Candidates who recover from Trump-like deficits are rarely incumbents

There is time for Trump to mount a comeback, but the candidates who do come back are usually not incumbents and have never been elected incumbents in the polling era.

Since 1940, the only incumbent losing at this point in the cycle who would go on to win another term was Harry Truman. He, like Trump, was down around 10 points to Thomas Dewey in the early summer of 1948. But remember, Truman was not elected president before taking the 1948 election. He ascended to the office through the vice-presidency, after Franklin Roosevelt died in 1945.

In terms of elected incumbents, Jimmy Carter was the one to be down by as much as Trump is right now. Carter went on to get crushed by Ronald Reagan in 1980.

George H.W. Bush in 1992 was the other elected incumbent to lose reelection since 1940. At this point, he was ahead of Bill Clinton, though he found himself trailing in a number of polls to independent Ross Perot.

Both Bush and Carter had similar approval ratings to Trump now.

The fact that the only incumbent to come back (Truman) is an indication of a wider phenomenon: races without an elected incumbent running for re-election are different from ones with one. Gerald Ford was the only president not given another term with a positive net approval (approve – disapprove) rating, and he wasn’t an elected incumbent.

Elected incumbent races are much more likely to be referendums on the occupant of the White House. Those without them tend to be much more of a choice between the two major party candidates.

View Trump and Biden head-to-head polling

Indeed, the other presidential candidates to blow clear leads at this point were running in non-incumbent races.

In many of these non-incumbent races, a lot of voters have weak or no opinions about one or both of the candidates.

Consider the 1988 campaign. Democrat Michael Dukakis was up by around 5 points in late June 1988. His lead over George H.W. Bush would grow even larger later in the summer. Yet, it was Bush who would win an 8-point victory in the fall.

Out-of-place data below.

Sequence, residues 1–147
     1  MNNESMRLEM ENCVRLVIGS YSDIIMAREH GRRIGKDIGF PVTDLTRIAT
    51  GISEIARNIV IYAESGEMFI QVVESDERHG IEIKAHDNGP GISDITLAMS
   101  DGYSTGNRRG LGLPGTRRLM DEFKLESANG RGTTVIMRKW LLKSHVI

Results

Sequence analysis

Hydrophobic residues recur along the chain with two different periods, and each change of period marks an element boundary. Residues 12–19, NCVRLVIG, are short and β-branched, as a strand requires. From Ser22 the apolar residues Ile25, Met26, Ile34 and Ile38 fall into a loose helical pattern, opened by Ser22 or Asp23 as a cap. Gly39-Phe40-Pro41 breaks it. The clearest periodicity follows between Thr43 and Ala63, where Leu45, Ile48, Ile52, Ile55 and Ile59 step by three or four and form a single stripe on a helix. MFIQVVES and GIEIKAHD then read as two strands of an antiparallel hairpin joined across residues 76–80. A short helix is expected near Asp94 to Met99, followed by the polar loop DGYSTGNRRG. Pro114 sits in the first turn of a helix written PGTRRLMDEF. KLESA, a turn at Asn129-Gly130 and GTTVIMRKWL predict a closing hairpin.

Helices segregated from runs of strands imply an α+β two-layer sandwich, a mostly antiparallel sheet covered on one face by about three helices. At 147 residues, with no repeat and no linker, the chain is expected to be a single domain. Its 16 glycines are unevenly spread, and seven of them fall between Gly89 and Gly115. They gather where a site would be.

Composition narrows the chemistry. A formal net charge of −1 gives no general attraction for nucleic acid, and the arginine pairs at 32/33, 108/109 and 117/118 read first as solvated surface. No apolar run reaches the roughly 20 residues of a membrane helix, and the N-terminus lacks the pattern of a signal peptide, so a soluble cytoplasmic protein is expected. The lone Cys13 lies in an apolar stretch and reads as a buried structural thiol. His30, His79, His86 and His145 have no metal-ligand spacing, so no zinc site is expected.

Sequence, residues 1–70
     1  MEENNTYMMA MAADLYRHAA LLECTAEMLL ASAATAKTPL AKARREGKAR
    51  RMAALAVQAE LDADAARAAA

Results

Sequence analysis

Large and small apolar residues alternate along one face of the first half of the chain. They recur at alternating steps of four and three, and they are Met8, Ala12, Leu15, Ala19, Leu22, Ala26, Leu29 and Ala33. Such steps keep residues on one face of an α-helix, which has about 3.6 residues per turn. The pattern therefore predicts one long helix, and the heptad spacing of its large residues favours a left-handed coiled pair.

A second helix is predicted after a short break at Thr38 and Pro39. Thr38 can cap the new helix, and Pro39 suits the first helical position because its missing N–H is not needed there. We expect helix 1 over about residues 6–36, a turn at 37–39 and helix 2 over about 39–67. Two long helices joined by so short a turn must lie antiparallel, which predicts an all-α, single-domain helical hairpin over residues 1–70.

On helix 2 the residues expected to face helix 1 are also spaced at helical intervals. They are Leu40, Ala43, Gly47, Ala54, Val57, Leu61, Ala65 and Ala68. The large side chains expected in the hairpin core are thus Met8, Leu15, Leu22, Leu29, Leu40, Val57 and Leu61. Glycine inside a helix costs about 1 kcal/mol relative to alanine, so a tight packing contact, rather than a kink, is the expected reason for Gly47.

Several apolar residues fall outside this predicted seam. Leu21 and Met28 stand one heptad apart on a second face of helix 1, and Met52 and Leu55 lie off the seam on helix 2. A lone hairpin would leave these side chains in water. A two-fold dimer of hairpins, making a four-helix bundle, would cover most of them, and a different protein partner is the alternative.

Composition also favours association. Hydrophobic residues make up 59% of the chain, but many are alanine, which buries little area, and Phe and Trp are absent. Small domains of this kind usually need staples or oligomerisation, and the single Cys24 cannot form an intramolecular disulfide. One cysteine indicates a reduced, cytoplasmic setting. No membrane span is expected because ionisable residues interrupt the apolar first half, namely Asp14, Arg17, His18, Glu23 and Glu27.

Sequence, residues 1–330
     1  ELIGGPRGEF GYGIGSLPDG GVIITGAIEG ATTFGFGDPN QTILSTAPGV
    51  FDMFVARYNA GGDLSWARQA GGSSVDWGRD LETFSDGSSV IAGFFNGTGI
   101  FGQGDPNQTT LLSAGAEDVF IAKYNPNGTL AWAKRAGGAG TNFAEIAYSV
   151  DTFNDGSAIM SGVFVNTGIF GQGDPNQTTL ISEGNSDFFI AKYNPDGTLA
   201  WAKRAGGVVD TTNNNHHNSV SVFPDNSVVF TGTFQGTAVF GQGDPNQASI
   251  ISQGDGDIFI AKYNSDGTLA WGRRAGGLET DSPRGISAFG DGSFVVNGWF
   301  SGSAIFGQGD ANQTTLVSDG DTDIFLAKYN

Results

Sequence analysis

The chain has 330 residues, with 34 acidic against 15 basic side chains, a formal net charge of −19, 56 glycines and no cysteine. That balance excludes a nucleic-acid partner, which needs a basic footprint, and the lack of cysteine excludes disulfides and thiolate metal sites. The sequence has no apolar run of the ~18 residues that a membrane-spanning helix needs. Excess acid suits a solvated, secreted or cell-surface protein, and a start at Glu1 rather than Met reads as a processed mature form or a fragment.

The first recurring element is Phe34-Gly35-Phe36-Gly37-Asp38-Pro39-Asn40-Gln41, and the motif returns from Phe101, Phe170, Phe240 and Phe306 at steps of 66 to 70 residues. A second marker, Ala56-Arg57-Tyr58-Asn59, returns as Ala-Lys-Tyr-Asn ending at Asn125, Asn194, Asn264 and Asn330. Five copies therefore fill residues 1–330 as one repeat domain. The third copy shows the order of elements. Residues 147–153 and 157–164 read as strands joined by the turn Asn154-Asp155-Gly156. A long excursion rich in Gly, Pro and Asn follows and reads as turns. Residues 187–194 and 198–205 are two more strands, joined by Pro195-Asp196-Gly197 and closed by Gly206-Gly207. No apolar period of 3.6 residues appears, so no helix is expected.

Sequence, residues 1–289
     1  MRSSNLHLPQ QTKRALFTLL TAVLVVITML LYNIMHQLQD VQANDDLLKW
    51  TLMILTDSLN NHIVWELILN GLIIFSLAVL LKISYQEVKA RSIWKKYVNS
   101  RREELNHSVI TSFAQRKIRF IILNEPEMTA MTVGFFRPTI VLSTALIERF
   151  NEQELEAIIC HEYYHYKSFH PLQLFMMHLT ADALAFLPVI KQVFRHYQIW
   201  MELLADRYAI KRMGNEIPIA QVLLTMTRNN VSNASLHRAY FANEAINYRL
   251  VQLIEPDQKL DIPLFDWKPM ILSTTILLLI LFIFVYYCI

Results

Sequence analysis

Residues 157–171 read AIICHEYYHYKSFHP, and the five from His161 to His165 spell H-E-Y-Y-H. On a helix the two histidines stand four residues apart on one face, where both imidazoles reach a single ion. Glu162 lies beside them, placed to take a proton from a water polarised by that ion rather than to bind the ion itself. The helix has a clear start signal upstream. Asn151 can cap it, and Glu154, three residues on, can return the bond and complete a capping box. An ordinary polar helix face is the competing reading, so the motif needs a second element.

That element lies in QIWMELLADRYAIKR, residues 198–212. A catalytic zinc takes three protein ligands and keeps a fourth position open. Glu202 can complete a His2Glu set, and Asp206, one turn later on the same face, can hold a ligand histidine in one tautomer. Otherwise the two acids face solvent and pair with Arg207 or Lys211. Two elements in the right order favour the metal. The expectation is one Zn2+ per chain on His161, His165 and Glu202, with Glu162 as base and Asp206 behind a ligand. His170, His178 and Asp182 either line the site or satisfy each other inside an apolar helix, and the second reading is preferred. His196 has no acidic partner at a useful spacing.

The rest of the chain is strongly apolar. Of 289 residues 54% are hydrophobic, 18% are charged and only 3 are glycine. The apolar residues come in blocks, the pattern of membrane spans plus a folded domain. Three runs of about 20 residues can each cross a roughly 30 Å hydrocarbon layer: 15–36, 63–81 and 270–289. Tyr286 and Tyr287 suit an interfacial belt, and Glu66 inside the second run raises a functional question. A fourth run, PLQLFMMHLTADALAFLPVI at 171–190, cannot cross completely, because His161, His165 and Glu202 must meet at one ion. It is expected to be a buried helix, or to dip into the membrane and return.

Dukakis, though, was barely known at this point. About a majority (49%) of voters said they hadn’t heard enough or were undecided when asked whether they had a favorable or unfavorable view of him in a CBS News poll. Biden is much better known. In an NBC News/Wall Street Journal poll released earlier this month, 25% said they were neutral or not sure about Biden.

Opinions of Bush also were weak at this point in 1988. A sizable minority (41%) of voters told CBS News that they hadn’t heard enough or were undecided on Bush. In that recent NBC News/Wall Street Journal poll, just 9% said they were neutral or not sure about Trump.

View 2020 presidential election polling

In other words, four to five times fewer voters are undecided on the most important factor for the 2020 race (Trump) than they were for the two candidates in 1988.

The other big non-incumbent race where the clear polling leader at this point lost the popular vote was 2000. George W. Bush was up by 8 points and lost the popular vote to Al Gore. But about 3 times as many voters (25-30%) were undecided or had no opinion on Bush and Gore than do on Trump currently.

The fact that 1988 and 2000 moved a lot fit a larger pattern. When fewer voters have a strong opinion of the candidates, it’s correlated with more movement in the polls.

Right now, more voters have a strong opinion of Trump than any other candidate at this point in 40 years.

Simply put, Trump doesn’t have a lot of room to mount the type of comeback he needs to.

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